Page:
Whether you ask your friends or professionals, you’ll most likely get much-needed advice. Professionals have dealt with many DIY brides and will have plenty of tips and tricks to throw your way while good friends can be there to physically help put things together. Either way, it’ll relieve some of the stress you may be feeling.
4. Set Deadlines
You do not want to fall asleep the night before your big day racking your brain about what you could have possibly forgotten to do. Set deadlines for each individual thing and stick to those; that way, you won’t have to worry about it the week before the wedding. Do the big things months ahead of time and leave the smaller things, like paper decorations, until a few weeks before (that way they’ll also have less of a chance of being damaged). PSA: Setting earlier deadlines is also great in case something goes wrong; you’ll have time to enact a back-up plan. 📷: Ashley Daubenmire Photography
Get creative with your guestbook: For something like this all you need is a few giant wooden letters from Michael’s and black spray paint!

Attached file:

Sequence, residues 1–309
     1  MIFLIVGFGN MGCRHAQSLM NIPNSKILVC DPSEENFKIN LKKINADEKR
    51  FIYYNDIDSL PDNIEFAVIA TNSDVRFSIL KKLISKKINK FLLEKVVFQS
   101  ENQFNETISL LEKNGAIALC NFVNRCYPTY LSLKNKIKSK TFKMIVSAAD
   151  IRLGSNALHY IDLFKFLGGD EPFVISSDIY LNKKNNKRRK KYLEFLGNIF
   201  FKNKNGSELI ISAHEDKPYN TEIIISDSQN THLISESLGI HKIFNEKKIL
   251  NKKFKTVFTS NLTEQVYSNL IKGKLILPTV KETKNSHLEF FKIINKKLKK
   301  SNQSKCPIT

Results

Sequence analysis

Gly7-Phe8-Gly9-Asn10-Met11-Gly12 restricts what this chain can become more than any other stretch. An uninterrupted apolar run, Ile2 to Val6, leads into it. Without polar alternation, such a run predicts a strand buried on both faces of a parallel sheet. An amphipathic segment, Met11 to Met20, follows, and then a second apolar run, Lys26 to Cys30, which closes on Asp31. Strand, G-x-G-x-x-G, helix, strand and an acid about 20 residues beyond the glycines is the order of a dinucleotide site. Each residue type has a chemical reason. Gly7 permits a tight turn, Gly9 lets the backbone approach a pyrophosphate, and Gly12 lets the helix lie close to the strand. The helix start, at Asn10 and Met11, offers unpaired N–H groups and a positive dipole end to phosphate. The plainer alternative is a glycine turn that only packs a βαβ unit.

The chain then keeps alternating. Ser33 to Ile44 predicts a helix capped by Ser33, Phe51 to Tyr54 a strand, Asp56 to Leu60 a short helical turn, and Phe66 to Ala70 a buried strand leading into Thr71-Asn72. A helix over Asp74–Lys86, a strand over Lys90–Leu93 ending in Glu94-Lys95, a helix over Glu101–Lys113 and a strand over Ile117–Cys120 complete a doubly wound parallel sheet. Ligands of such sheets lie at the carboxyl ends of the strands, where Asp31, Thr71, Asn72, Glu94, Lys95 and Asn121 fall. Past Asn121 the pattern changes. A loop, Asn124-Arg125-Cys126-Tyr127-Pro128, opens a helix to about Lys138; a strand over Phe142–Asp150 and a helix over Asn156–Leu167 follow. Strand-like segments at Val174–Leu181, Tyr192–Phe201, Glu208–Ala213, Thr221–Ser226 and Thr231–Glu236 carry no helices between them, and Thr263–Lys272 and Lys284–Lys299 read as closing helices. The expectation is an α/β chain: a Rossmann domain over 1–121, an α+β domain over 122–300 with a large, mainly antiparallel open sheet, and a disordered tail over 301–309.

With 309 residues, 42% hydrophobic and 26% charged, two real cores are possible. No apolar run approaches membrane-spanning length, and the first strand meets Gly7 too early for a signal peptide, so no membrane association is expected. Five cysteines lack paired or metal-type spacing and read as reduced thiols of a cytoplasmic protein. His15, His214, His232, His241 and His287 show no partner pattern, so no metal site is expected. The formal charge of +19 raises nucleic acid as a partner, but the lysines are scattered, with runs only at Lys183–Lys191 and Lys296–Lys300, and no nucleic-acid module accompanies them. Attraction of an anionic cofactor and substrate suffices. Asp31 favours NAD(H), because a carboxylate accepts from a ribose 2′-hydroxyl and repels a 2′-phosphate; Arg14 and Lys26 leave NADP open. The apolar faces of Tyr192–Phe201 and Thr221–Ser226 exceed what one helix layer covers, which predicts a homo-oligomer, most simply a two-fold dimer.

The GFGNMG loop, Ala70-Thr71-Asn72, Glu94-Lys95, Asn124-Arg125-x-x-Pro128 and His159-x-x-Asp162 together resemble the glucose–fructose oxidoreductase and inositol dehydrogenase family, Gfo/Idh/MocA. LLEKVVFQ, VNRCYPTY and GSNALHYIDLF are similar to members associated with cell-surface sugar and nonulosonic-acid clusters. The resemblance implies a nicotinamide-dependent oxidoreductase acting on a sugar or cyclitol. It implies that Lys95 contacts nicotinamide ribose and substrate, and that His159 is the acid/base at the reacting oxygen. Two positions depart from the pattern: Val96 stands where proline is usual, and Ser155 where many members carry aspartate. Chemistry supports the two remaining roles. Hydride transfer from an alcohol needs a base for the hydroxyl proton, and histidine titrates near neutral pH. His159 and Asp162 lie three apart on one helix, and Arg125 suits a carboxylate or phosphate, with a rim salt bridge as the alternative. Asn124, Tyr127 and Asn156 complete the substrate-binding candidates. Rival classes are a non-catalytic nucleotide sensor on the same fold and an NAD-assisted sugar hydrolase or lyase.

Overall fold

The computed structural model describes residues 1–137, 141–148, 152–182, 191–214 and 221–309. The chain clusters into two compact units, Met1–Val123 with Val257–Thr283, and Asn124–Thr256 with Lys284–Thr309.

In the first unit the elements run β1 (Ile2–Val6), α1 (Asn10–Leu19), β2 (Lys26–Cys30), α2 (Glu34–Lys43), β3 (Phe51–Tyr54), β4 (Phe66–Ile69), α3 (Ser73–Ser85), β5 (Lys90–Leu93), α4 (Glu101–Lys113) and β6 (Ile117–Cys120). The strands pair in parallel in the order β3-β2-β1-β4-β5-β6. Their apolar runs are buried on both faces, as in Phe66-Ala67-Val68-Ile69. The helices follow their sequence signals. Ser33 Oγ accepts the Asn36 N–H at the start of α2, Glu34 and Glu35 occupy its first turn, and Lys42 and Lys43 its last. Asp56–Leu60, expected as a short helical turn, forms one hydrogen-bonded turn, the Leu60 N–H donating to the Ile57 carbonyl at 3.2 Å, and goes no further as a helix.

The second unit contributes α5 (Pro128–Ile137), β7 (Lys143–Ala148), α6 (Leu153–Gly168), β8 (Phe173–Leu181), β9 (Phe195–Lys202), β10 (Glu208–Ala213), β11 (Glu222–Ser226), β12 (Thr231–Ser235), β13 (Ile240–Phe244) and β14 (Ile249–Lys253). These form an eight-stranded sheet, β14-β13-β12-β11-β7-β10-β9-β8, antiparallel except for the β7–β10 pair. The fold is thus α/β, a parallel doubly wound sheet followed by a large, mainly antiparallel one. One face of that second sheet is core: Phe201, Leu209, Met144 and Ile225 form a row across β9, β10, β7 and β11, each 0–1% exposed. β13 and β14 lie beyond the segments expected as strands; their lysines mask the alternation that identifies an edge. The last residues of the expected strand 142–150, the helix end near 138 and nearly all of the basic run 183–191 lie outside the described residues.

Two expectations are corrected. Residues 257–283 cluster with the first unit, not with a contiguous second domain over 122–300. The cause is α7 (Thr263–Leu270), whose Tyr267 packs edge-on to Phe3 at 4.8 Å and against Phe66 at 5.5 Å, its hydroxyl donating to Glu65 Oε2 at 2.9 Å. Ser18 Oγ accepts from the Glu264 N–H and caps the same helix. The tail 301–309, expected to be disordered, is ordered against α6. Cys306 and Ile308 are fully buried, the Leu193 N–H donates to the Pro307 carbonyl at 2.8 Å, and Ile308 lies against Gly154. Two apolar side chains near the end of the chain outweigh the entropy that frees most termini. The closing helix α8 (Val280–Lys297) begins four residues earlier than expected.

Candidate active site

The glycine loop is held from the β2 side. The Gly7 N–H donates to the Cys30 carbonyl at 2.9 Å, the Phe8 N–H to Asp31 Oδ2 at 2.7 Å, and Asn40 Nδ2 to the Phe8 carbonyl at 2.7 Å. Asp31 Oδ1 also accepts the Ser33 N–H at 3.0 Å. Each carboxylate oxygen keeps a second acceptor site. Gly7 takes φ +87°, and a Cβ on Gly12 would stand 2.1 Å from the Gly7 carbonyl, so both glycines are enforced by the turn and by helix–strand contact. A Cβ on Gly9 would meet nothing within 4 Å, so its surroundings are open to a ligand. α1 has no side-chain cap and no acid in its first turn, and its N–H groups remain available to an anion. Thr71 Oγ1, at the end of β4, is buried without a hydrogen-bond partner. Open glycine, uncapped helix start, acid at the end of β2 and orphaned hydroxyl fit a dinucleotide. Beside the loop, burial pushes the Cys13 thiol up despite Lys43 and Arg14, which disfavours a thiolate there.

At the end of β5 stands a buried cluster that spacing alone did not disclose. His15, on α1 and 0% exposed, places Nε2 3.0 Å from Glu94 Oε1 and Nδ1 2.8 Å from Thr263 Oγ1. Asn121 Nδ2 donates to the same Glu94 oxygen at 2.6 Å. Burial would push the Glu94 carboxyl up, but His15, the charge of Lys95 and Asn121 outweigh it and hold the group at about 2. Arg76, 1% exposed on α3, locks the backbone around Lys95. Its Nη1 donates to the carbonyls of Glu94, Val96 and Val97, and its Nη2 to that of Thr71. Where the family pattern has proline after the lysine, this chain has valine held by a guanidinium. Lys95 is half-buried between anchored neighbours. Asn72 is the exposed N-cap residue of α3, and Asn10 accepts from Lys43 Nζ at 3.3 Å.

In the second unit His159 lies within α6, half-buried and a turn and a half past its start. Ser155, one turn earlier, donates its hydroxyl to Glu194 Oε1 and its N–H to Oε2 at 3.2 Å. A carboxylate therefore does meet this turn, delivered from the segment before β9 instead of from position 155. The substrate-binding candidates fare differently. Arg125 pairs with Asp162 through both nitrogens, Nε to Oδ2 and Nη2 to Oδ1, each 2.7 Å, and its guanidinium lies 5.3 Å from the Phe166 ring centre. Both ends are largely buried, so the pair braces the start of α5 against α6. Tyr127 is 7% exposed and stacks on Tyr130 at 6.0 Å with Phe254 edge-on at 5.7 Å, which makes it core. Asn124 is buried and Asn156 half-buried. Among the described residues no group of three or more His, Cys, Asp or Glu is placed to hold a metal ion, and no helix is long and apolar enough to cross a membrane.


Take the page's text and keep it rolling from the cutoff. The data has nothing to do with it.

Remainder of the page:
1. Take It on All by Yourself
While you might not enjoy handing off the reins to someone else, delegating tasks will absolutely help in the long run. Get all of your girls over for the day and thank them with pizza and wine (Because who doesn’t love that?). This way you’re putting less pressure on yourself, but you’re also making a fun afternoon out of it. Plus…isn’t that what bridesmaids are for?
2. Expect Professional Results
Chances are you’re not a professional baker or florist, so stay away from expecting that everything will come out Pinterest-perfect. (You’ve seen Pinterest fails, right?) There’s a reason they’re called professionals: they’ve put their blood, sweat, and tears into perfecting their craft. If you’re going to bake your own cake for the wedding, keep it simple. Instead of adorning it with intricate piping, keep it to one or two tiers and only add simple decorations.